The International Handbook of Telecommunications Economics, Volume III
Edited by Gary Madden
Chapter 18: Brazilian telecommunications: experience and future perspectives
18. Brazilian telecommunications: experience and future perspectives Marcelo Resende INTRODUCTION State intervention in Brazil is historically associated with market failure. The emergence of the state as the principal supplier of infrastructure reﬂects the scarcity of investment funds and an insuﬃcient return (Suzigan, 1976; Trebat, 1983). Recently, the privatization process in Brazil reached a critical point in terms of deﬁning an appropriate role for the state in the economy. Arguments refer to the inadequate productive eﬃciency of state-owned enterprises and decreasing investment by those ﬁrms (Abreu and Werneck, 1993; Pinheiro and Giambiagi, 1994). The possible impact of privatization and the development of a competitive environment in the telecommunications sector are discussed by Ros (1999) in relation to developing economies. Ros (1999) indicates that network expansion, as measured by main lines per 100 inhabitants, is highest in countries with high private ownership, although this relationship does not hold for countries whose GDP per capita is less than 10000 United States dollars (USD). Moreover, Jayakar (1999) obtains econometric evidence on the US for the period 1876 to 1982 indicating that competition positively aﬀects telephone penetration, even in early stages of network development. This result is encouraging for a developing country where competition is being introduced, like Brazil. In Brazil the privatization of telecommunications has attracted intense media coverage because of the dynamic character and pervasiveness of the sector and because of the monetary magnitudes involved (Dores, 1999; Novaes, 1999; Pires, 1999). In July of 1998 the Telebrás...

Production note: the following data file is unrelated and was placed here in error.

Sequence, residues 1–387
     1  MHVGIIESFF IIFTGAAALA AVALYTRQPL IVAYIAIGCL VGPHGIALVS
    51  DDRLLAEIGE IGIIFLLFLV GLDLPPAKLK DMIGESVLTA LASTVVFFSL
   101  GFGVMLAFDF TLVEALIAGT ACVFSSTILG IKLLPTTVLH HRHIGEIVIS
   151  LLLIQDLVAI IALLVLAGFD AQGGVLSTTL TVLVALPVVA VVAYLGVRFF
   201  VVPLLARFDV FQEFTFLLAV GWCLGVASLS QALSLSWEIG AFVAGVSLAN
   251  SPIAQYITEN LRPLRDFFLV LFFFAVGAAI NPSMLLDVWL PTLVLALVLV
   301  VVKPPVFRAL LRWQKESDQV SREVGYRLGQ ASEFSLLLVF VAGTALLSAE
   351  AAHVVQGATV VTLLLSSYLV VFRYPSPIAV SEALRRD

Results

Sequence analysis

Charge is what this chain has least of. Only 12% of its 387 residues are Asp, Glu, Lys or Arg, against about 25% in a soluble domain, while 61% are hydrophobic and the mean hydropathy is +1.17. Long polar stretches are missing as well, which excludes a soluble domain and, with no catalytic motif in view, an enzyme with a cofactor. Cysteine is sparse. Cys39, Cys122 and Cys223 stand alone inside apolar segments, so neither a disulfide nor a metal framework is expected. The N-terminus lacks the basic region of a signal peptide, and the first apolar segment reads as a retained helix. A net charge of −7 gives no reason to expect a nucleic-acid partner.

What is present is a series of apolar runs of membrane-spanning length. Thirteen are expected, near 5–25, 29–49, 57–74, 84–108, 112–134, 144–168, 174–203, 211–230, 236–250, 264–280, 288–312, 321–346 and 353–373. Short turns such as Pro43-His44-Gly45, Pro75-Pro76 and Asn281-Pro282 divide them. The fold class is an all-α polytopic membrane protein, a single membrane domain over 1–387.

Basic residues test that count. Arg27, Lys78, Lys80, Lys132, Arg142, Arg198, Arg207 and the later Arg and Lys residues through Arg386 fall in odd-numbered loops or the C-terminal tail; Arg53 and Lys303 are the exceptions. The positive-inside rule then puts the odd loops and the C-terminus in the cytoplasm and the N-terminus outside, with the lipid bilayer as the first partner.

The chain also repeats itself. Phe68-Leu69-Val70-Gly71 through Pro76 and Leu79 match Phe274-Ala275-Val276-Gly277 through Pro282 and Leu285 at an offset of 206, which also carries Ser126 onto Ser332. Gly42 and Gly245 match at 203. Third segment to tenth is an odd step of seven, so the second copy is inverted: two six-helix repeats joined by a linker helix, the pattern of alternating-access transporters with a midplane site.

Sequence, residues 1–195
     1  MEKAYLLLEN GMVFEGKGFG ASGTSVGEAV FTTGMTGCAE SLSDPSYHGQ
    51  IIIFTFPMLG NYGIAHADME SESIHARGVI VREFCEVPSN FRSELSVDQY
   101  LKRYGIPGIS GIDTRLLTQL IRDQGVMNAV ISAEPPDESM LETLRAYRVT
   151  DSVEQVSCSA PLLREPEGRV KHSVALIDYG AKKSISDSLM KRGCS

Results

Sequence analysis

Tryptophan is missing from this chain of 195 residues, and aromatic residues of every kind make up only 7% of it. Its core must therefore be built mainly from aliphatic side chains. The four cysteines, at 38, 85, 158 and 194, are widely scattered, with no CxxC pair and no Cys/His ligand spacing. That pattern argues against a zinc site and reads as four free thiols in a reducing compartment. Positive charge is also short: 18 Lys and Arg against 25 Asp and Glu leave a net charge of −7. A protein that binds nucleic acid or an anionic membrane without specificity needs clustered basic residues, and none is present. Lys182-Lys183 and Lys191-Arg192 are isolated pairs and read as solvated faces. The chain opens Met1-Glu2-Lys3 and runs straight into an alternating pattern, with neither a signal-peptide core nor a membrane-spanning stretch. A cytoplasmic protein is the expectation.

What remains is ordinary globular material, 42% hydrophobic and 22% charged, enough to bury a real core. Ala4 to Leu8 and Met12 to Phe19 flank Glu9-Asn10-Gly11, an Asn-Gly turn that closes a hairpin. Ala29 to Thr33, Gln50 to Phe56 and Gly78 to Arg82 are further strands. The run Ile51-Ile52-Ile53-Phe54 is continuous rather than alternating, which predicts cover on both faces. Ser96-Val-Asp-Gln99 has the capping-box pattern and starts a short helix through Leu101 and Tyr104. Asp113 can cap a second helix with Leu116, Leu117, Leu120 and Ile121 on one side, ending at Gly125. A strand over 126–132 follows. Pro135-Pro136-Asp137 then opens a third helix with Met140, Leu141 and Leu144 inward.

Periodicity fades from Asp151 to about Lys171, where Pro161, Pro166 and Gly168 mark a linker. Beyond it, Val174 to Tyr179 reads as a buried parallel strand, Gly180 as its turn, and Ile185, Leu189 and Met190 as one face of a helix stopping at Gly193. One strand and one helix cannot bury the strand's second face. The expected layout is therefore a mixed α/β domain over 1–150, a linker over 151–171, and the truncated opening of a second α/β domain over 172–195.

You are not authenticated to view the full text of this chapter or article.
Elgaronline requires a subscription or purchase to access the full text of books or journals. Please login through your library system or with your personal username and password on the homepage.
Non-subscribers can freely search the site, view abstracts/ extracts and download selected front matter and introductory chapters for personal use.
Your library may not have purchased all subject areas. If you are authenticated and think you should have access to this title, please contact your librarian.